Opinion

Is it right for doctors to deny patients unproven anti-COVID-19 therapies?

Dr. Raiyan Chowdhury: The coronavirus crisis is a threat that needs urgent answers, but those answers cannot come fast enough for those who are sick right now  

Dr. Raiyan Chowdhury is a critical care medicine specialist and an ENT surgeon, with research focus in Health Quality / Patient Safety at the Royal Alex ICU, a 30 bed tertiary care unit in Edmonton, and an assistant professor at the University of Alberta.

Throughout Canada, potential therapies against COVID-19 are being limited to only patients enrolled in clinical trials. For doctors and nurses treating COVID-19 patients, the question and moral dilemma of what to do with unproven therapies lingers. Should patients have a right to these unproven therapies?

U.S. President Donal Trump has outspokenly advocated for the use of hydroxychloroquine and azithromycin. Juxtaposed to his enthusiasm, institutions and organizations in Canada have urged against the use of such medications outside of well regulated, scientifically rigorous clinical trials. The Public Health Agency of Canada and the Canadian Critical Care Society released statements suggesting the use of investigational anti-COVID-19 therapeutics should be limited to ethically approved, randomized, controlled trials.

One of the bright lights that arises from this human suffering is the once-in-a-generation sharing of the human experience. Canadians are more empathetic these days. I find myself more appreciative of my grocery store clerk who now finds herself on the frontlines. The store’s freshly baked banana bread was a good break before our worlds suddenly changed. But now, I find it even more comforting. Everyone has some example of this. We probably feel the greatest empathy for the physicians and nurses who are serving in the hardest hit areas. Despite their daily struggle, health care providers from places like Lombardy and New York City have shared clinical pearls and advice in real time. Peer reviewed publications with appropriate scrutiny will eventually follow, but they realize their advice is needed now. Those elsewhere are probably indebted. Our patients deserve this same empathy and flexibility now.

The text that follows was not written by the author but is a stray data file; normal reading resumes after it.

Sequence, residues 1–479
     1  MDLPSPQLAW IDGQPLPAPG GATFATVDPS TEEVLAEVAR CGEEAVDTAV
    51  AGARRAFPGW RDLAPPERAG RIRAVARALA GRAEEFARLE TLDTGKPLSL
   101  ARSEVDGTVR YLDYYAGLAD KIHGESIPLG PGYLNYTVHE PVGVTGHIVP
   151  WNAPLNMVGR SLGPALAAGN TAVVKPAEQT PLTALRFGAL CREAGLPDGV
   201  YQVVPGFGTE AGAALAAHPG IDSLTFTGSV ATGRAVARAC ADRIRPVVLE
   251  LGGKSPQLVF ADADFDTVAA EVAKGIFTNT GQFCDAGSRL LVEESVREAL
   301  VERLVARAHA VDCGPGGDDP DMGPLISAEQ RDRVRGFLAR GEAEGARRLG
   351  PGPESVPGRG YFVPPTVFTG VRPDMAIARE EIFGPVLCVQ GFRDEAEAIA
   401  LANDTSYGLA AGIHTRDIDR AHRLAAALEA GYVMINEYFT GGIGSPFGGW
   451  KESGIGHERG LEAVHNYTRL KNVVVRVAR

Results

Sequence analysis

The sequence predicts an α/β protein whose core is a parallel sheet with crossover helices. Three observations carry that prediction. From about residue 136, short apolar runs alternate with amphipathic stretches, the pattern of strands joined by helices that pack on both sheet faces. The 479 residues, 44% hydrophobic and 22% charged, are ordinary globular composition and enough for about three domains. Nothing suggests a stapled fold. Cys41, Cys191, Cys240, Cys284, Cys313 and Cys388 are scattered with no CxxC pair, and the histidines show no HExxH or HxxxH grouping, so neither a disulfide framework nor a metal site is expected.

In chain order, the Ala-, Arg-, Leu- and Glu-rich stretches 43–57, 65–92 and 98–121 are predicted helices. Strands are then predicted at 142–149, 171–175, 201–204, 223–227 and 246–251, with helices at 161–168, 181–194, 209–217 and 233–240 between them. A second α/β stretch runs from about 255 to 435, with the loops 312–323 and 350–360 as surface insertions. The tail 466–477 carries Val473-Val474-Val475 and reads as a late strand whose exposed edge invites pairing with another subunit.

READ MORE: Coronavirus in Canada: These charts show how our fight to ‘flatten the curve’ is going

As intensive care medicine physicians and nurses, we are the last line of human intervention between what separates life and what lies beyond. Our therapies and interventions are guided by evidence-based medicine comparing the effectiveness or harm of different therapies. Combined with our own prior experiences or intuition with a given treatment, we provide guidance to our patients on what we think is best.

While we heavily rely on evidence, we also understand that individual patients are unique and do not necessarily fit nor qualify for the homogeneity attempted in trials.  Our profession as intensivists is as much science as it is art.

Rigorous studies looking at anti-COVID-19 therapies are not yet completed. The disease itself first appeared in late December and much of the western world, including Canada, probably didn’t take it seriously until March. This is hardly enough time to produce detailed observational studies, let alone randomized controlled trials.

Initial papers are at least now being published. The WHO has subsequently started its multicentre randomized controlled trial named Solidarity, looking at the effectiveness of therapies including the anti-malarial hydroxychloroquine, the anti-viral remdesivir, and HIV medications lopinavir/ritonavir.

One day, we will have a vaccine. There are simply too many people smarter than you and me working on this for that not to happen. There will eventually be some degree of herd immunity, and social distancing will flatten the curve. B.C. and Alberta are already reporting evidence of this flattening.  Randomized controlled trials will eventually be published showing the benefits or harms to the above therapies. These publications will of course be too late for those who have critical COVID-19 illness now.